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Two free manuals to help the identification of Australian plant bugs (Miridae: Heteroptera) and Lygaeoidea (Heteroptera) of economic importance available to download by NPBDN members.

Click the images to access the manuals.


The Miridae and Lygaeoidea are the largest and most important groups of Heteroptera, commonly called “true bugs”. They contain species that are major plant pests as well as beneficial predators and include many exotic species of biosecurity concern to Australia.

Miridae and Lygaeoidea can be difficult to work with because many species display significant variation in morphology between and within species. Species are usually small and fragile, and many species are yet to be described, particularly in tropical Australia. Additionally, there are no comprehensive identification keys to the Australian genera, let alone species. Thus, making it difficult for diagnosticians to work with these groups. There are also very few specialist taxonomists in Australia with the skill and experience to confidently identify these bugs.


Due to the diversity of Miridae and Lygaeoidea in Australia and overseas, it was not possible to cover all Australian genera in this project. The manuals primarily cover genera that are of economic importance (both as pests and beneficials) to Australia as well as a small number of exotic genera of biosecurity concern to Australia and a limited number of non-economic genera that represent remaining higher taxa (subfamily and tribes) recorded from Australia. A total of 72 genera from all subfamilies of Miridae, 62 genera from all families of Lygaeoidea recorded from Australia and some exotic genera of biosecurity concern are covered in the two manuals.


The manuals are interactive, making them user friendly and allows users to move between sections easily. They contain keys to families, subfamilies, tribes and representative economic genera, based on external morphological characters to aid the non-specialist user.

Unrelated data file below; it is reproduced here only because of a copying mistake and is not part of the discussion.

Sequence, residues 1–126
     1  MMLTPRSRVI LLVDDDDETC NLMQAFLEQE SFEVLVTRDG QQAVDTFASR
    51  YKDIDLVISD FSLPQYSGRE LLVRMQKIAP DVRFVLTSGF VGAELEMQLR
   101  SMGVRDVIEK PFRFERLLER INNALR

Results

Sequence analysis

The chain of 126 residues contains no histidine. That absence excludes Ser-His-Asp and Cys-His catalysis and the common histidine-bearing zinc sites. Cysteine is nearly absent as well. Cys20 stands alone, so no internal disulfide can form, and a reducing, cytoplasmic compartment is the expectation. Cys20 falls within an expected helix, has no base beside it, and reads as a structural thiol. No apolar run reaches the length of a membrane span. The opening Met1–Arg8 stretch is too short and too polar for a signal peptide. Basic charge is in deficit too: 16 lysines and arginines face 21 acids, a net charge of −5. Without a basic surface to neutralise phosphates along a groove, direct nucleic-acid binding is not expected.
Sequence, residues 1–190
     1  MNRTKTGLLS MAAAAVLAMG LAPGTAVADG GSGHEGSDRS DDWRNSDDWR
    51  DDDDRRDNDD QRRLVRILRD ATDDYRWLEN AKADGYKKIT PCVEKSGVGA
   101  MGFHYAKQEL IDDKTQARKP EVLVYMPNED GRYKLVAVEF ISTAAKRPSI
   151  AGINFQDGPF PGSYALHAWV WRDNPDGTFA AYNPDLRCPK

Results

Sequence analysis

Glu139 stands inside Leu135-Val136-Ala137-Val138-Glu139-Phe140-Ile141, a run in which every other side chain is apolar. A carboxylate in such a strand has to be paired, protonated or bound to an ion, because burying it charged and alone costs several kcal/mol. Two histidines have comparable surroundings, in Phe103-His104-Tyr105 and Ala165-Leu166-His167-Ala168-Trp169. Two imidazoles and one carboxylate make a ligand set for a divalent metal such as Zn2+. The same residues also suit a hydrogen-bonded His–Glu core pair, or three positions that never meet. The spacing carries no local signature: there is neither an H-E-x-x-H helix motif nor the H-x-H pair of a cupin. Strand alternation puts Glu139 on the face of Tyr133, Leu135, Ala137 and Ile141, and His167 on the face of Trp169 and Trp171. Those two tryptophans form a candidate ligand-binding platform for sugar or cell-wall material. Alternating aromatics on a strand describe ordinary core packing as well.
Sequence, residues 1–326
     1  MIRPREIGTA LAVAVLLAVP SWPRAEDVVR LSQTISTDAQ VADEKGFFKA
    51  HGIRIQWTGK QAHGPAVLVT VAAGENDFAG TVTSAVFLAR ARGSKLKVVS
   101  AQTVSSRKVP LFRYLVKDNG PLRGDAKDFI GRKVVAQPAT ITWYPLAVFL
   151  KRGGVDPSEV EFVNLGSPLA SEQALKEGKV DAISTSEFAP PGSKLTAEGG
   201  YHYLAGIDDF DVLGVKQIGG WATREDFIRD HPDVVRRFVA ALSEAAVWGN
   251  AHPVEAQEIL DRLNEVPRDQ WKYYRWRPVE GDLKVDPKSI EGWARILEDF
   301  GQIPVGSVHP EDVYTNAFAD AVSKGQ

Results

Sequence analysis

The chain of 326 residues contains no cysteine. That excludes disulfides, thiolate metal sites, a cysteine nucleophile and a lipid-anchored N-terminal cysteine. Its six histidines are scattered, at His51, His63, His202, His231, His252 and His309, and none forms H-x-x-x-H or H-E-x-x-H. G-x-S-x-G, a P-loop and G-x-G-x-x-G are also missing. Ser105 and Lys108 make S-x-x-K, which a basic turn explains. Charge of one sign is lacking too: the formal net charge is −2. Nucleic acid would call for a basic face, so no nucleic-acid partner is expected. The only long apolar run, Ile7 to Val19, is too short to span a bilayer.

Each genus is represented by at least one species and each species includes colour photographs of the dorsal and lateral view. Genus factsheets also are provided to help confirm the identification after using the keys. The key headings and subheadings included in the factsheets are:

  • Genus name, author, subfamily, tribe, type species, number of Australian species
  • Distribution: Australian and extralimital distribution
  • Economic significance: as pest and beneficial
  • Hosts
  • Diagnosis
  • References
  • Interactive Index


These manuals are intended for use by people with all levels of experience, with students, diagnosticians and experienced plant health and biodiversity scientists in mind during development. The content is comprehensive to allow confident identification of complex insects to the genus level. The manuals are broadly scoped, so any mirid or lygaeoid specimens can be identified to at least the subfamily or tribal level, this includes specimen without associated host information.

Training opportunities

This project has already allowed less experienced scientists to be trained in the identification of Miridae and Lygaeoidea and develop future capability in Australia.

A national training workshop on the identification of Miridae and Lygaeoidea, using these resources, will be offered to NPBDN members once restrictions ease relating to COVID-19 and we are confident it is safe to hold such a workshop. The workshop will be advertised on the NPBDN website when details are known.


These manuals were developed after Miridae and Lygaeoidea were identified as high priority gaps for Tropical Australian Diagnostics and required tools and training (including professional development opportunities for younger scientists) to enhance diagnostic capability, particularly in northern Australia. The project was funded under Australian Government Agricultural Competitiveness White Paper, Modern Diagnostics for northern Australia initiative. Further details available here.

The development of these comprehensive manuals required broad Australian and international collaboration. Many diagnosticians nationally and overseas, as well as some international taxonomists assisted with the checking of the keys and other sections of the manuals, loan of specimens and selected illustrations. The manuals contain the full lists of acknowledgements.


The manuals should be cited as:

Identification of subfamilies and genera
By M. B. Malipatil, E. G. Finlay and F. Chérot
Department of Jobs, Precincts and Regions, Victoria, Melbourne. 2020.
216 pp.  ISBN 978-1-76090-318-3 (pdf/online/MS word)

Identification of families, tribes and representative genera
By M. B. Malipatil, C. Q. Gao and L. X. Eow
Department of Jobs, Precincts and Regions, Victoria, Melbourne. 2020.
170 pp.  ISBN 978-1-76090-316-9 (pdf/online/MS word)